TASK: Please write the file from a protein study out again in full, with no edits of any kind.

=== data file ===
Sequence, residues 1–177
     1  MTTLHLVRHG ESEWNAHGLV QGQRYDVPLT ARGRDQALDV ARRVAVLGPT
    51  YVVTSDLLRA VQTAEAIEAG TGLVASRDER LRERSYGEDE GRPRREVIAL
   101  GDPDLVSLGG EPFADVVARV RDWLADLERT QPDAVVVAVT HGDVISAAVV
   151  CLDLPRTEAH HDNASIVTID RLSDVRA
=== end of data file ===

Sequence, residues 1–177
     1  MTTLHLVRHG ESEWNAHGLV QGQRYDVPLT ARGRDQALDV ARRVAVLGPT
    51  YVVTSDLLRA VQTAEAIEAG TGLVASRDER LRERSYGEDE GRPRREVIAL
   101  GDPDLVSLGG EPFADVVARV RDWLADLERT QPDAVVVAVT HGDVISAAVV
   151  CLDLPRTEAH HDNASIVTID RLSDVRA